Powerful men can’t stop complaining that they’re being bullied

For now, Schultz is just dipping his toes into the murkiest of waters. But with the amount of free press he’s getting—even, with apologies, in this column—he cannot expect a coronation. For example, he’s mostly trafficking in generalities about broken Washington without demonstrating any real understanding of how government works. To wit: When asked how he would solve our health-care challenges (which he hasn’t really defined), he said he would get serious people to sit around a table. Does he really think that, up until a Howard Schultz presidency, no leader has put serious people around a table to tackle health care?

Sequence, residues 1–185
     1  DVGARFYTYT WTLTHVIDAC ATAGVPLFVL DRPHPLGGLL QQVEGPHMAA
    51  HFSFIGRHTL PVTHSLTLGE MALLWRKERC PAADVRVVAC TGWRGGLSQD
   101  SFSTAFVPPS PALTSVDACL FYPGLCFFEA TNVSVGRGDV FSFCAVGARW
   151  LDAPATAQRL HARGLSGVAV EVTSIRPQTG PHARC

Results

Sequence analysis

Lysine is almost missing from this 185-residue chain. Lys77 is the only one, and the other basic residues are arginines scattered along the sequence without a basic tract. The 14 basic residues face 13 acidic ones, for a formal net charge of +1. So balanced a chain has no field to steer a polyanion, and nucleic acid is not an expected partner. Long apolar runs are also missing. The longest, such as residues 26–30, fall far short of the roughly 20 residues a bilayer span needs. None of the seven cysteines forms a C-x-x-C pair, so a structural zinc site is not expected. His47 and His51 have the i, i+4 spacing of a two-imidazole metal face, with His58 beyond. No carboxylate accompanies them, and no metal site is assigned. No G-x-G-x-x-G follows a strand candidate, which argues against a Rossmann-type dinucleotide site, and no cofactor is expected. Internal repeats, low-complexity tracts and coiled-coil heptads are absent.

But if he feels this harassed by requests to explain himself more fully, then he is in for a rude awakening. A political campaign is a job interview unlike any other. Should he decide to run, the American people, through their intermediary—the media—will comb through everything Schultz has ever said and done. They will examine his finances, critique his business choices and make fun of his hair. They will delve into his personal life and pull apart his biography. They will question his policy agenda and ask for more details. And as a candidate, he must go along for the ride, mostly in good cheer. Seeking the presidency outside of the traditional party structure does not leave him free from the scrutiny appropriate for one who seeks to govern our whole country. That is the job, and that is the process.